Jail Term Stands to Roil U.S.-Cuba Relations
MARCH 13, 2011, 4:52 P.M. ET
Jail Term Stands to Roil U.S.-Cuba Relations
By NICHOLAS CASEY
The 15-year prison sentence given to an American in Cuba this weekend
threatens to end a recent thaw of relations between the two countries
while putting a harsh spotlight on a contentious covert operations
program the U.S. has run on the island for years.
In recent years the Obama administration has offered a kind of
rapprochement with Cuba, reversing tightened travel restrictions
instituted by his predecessor George W. Bush and allowing Cubans to send
more money to the island.
But Saturday's sentencing of Alan Gross, a contractor from U.S. Agency
for International Development, throws recent progress into question,
some experts said. Mr. Gross had been distributing Internet
communications equipment on the island under a democracy-promotion
program run by the U.S. Agency for International Development. That was
illegal, according to a Cuban court, which handed down a harsh 15-year
sentence for aiming "to destroy the Revolution."
The ruling—made over a demand by Secretary of State Hillary Rodham
Clinton to immediately release Mr. Gross—will decrease chances the U.S.
will push more conciliatory measures with Cuba in the near future,
"Do we give them all these concessions in the hope that they will do
something, or do we think in terms of real politics and try to tighten
the screws?" asked Jaime Suchlicki, a Cuba analyst at the University of
For decades, the U.S. has tried to pry Cuba open to democracy through
its economic embargo, aid to Cuban dissidents and even a 1961 invasion
attempt at the Bay of Pigs. But the government has countered the
measures with heightened security and anti-American rhetoric.
Recognizing the failures of past presidents to change Cuba, President
Barack Obama even suggested during his campaign that he was open to an
unprecedented meeting Cuban President Raul Castro.
The meeting never happened. But last year Mr. Obama began reversing
years of increasing tightening restrictions on Cuba, allowing more
airports to fly charter flights to Havana, raising the number of visits
those with Cuban families could make to the island and boosting limits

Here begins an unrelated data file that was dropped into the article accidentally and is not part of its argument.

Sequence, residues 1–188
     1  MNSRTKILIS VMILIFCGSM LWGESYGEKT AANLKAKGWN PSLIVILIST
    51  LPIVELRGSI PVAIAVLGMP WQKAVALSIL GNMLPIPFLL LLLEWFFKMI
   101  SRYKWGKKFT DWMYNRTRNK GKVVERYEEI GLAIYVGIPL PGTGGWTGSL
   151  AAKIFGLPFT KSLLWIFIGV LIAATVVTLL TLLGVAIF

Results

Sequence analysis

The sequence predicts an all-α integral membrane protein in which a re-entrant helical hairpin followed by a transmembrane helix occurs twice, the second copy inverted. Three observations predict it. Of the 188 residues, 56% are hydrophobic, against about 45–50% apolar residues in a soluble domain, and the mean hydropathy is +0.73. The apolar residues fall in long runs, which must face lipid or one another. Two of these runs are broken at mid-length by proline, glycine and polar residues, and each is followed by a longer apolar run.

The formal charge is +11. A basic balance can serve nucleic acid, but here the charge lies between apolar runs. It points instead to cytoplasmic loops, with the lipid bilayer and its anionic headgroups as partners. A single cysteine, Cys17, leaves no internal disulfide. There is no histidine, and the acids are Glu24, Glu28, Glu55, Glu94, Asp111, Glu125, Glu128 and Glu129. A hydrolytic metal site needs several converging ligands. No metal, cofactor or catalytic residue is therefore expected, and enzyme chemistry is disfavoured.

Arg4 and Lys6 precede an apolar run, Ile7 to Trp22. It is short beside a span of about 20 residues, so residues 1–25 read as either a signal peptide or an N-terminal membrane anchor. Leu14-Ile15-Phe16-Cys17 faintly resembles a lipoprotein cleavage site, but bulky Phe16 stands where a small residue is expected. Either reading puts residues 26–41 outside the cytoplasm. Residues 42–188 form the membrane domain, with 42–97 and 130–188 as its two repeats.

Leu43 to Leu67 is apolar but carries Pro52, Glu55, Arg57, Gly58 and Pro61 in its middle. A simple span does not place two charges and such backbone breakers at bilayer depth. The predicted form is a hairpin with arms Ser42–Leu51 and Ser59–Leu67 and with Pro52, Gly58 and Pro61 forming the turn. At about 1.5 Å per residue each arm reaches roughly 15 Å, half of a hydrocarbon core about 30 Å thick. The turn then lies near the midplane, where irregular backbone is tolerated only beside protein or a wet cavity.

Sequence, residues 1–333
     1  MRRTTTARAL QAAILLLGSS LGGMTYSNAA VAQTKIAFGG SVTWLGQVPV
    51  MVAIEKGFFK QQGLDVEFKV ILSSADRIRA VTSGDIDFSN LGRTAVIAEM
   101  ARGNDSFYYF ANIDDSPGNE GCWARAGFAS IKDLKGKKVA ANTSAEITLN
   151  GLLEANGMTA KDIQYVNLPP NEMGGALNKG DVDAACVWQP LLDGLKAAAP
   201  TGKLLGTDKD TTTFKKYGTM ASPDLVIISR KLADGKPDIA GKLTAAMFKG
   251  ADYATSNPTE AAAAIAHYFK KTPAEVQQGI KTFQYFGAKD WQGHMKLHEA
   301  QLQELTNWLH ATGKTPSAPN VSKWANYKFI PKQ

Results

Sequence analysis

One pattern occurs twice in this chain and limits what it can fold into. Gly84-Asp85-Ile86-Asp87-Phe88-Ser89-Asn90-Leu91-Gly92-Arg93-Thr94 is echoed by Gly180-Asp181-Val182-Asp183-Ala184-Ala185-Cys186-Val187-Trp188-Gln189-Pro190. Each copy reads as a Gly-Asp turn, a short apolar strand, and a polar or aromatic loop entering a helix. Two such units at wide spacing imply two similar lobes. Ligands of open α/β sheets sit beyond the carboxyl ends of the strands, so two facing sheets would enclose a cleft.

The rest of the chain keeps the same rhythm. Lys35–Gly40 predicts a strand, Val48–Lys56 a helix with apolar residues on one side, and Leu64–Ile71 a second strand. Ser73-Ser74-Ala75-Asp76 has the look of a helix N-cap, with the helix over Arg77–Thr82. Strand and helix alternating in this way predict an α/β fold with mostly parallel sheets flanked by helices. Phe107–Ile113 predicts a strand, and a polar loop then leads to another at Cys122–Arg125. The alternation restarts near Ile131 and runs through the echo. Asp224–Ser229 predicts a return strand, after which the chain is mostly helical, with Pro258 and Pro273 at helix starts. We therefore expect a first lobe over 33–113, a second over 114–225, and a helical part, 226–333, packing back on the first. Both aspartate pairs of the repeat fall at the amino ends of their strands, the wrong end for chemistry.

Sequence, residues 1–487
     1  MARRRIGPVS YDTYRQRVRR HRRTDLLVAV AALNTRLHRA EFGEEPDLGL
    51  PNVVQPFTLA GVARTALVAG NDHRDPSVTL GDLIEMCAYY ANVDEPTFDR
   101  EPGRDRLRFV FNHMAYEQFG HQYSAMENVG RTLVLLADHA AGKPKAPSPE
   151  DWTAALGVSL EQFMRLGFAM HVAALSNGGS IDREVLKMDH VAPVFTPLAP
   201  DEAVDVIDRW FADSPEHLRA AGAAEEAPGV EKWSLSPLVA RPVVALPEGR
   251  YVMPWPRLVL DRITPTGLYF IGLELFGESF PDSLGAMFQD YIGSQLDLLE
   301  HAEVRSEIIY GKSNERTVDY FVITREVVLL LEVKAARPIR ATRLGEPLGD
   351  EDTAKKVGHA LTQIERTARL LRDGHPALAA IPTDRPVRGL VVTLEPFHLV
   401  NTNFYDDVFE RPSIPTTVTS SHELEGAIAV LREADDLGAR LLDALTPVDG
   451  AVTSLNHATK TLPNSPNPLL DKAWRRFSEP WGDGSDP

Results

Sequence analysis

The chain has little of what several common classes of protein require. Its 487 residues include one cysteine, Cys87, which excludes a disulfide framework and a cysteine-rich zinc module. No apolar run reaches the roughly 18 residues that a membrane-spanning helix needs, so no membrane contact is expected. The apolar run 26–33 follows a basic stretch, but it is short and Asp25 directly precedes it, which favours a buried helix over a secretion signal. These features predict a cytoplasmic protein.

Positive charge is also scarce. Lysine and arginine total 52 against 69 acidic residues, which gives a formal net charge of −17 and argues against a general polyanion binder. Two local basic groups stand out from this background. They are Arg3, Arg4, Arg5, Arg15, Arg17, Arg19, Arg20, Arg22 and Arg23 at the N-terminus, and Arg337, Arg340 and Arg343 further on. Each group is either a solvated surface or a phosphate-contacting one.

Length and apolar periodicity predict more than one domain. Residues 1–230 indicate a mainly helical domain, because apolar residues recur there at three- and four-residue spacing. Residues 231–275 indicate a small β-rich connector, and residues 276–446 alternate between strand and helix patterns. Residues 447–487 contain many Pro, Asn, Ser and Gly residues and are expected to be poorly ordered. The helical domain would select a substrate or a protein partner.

on remittances sent there by relatives. Cuba seemed to respond in kind:
it began releasing dozens of political prisoners, long a demand of the
U.S. as it pushes for democratic reforms there.
Cuba, in a deep economic crisis, is in the process of laying off as many
as two million state workers, and reviving and expanding a small and
moribund private sector. Revived trade, investment and tourism from the
U.S. would go a long way to help Havana cope with its economy.
Despite signs of rapprochement, however, Mr. Gross's case lay waiting in
the wings. He had been arrested in 2009 by the government for
distributing devices that allowed remote Internet accesses, something
that's highly-controlled in Cuba. Mr. Gross's family said he had done
nothing wrong and was only working to improve Internet access to the
island's Jewish community.
It also turned out Mr. Gross had been traveling to the island on a
tourist visa and was distributing the devices as part of a covert
program run by USAID to promote democracy supporters in Cuba. The year
before, USAID had warned participants, including NGOs and outside
contractors, that their work could get them in trouble in Cuba, and that
they could even face jail time.
Philip Peters, a Cuba analyst at the Arlington, Va.-based Lexington
Institute who has followed the case closely, said Mr. Gross's situation
makes things more difficult between the two countries by highlighting
the existence of ongoing covert U.S. operations on the island. But he
said Mr. Obama may choose to continue ahead with changes in policy that
he sees "in the national interest."
Mr. Peters said despite the fact that Mr. Gross was apprehended in 2009,
the Obama administration hadn't taken control of the USAID program,
which under George W. Bush had expanded from a small program that
distributed pro-democracy aid in Cuba to a $45 million giant seeking
high-tech proposals to aid activists.
Since Mr. Gross's arrest the program has come under attack in Congress
as being wasteful and poorly-planned. Mr. Peters agrees: "It's a fools
errand to send development contractors and match them against Cuban
intelligence on Cuban territory," he said.
It's unclear yet what either country's next steps will be in Mr. Gross's
case or between the two nations. On Saturday, the State Department
issued a statement saying he was "unjustly jailed" and repeating demands
for his immediate release. His attorney said that Mr. Gross was looking
into options for an appeal.
Mr. Peters also said it was possible that Cuba will avoid further
conflict and release Mr. Gross on humanitarian grounds having made an
example of him in court. "I don't see it serves Cuba's interests to hold
him a long period of time," he said.